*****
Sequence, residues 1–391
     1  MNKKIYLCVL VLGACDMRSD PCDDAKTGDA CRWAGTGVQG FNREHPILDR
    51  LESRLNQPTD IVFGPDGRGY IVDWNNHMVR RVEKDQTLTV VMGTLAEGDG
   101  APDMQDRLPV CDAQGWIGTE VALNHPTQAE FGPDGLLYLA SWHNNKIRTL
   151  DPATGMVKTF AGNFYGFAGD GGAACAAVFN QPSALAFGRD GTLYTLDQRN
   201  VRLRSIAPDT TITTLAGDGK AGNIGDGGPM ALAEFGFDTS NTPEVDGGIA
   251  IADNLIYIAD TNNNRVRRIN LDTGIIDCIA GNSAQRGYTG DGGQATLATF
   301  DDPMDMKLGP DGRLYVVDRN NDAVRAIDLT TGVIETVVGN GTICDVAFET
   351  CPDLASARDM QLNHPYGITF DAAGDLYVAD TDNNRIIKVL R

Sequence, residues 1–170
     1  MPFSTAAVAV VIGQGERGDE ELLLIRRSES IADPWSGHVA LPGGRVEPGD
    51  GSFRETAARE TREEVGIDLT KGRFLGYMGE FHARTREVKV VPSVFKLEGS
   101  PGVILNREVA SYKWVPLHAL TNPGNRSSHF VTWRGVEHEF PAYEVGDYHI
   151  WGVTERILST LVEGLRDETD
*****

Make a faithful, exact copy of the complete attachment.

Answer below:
Sequence, residues 1–391
     1  MNKKIYLCVL VLGACDMRSD PCDDAKTGDA CRWAGTGVQG FNREHPILDR
    51  LESRLNQPTD IVFGPDGRGY IVDWNNHMVR RVEKDQTLTV VMGTLAEGDG
   101  APDMQDRLPV CDAQGWIGTE VALNHPTQAE FGPDGLLYLA SWHNNKIRTL
   151  DPATGMVKTF AGNFYGFAGD GGAACAAVFN QPSALAFGRD GTLYTLDQRN
   201  VRLRSIAPDT TITTLAGDGK AGNIGDGGPM ALAEFGFDTS NTPEVDGGIA
   251  IADNLIYIAD TNNNRVRRIN LDTGIIDCIA GNSAQRGYTG DGGQATLATF
   301  DDPMDMKLGP DGRLYVVDRN NDAVRAIDLT TGVIETVVGN GTICDVAFET
   351  CPDLASARDM QLNHPYGITF DAAGDLYVAD TDNNRIIKVL R

Sequence, residues 1–170
     1  MPFSTAAVAV VIGQGERGDE ELLLIRRSES IADPWSGHVA LPGGRVEPGD
    51  GSFRETAARE TREEVGIDLT KGRFLGYMGE FHARTREVKV VPSVFKLEGS
   101  PGVILNREVA SYKWVPLHAL TNPGNRSSHF VTWRGVEHEF PAYEVGDYHI
   151  WGVTERILST LVEGLRDETD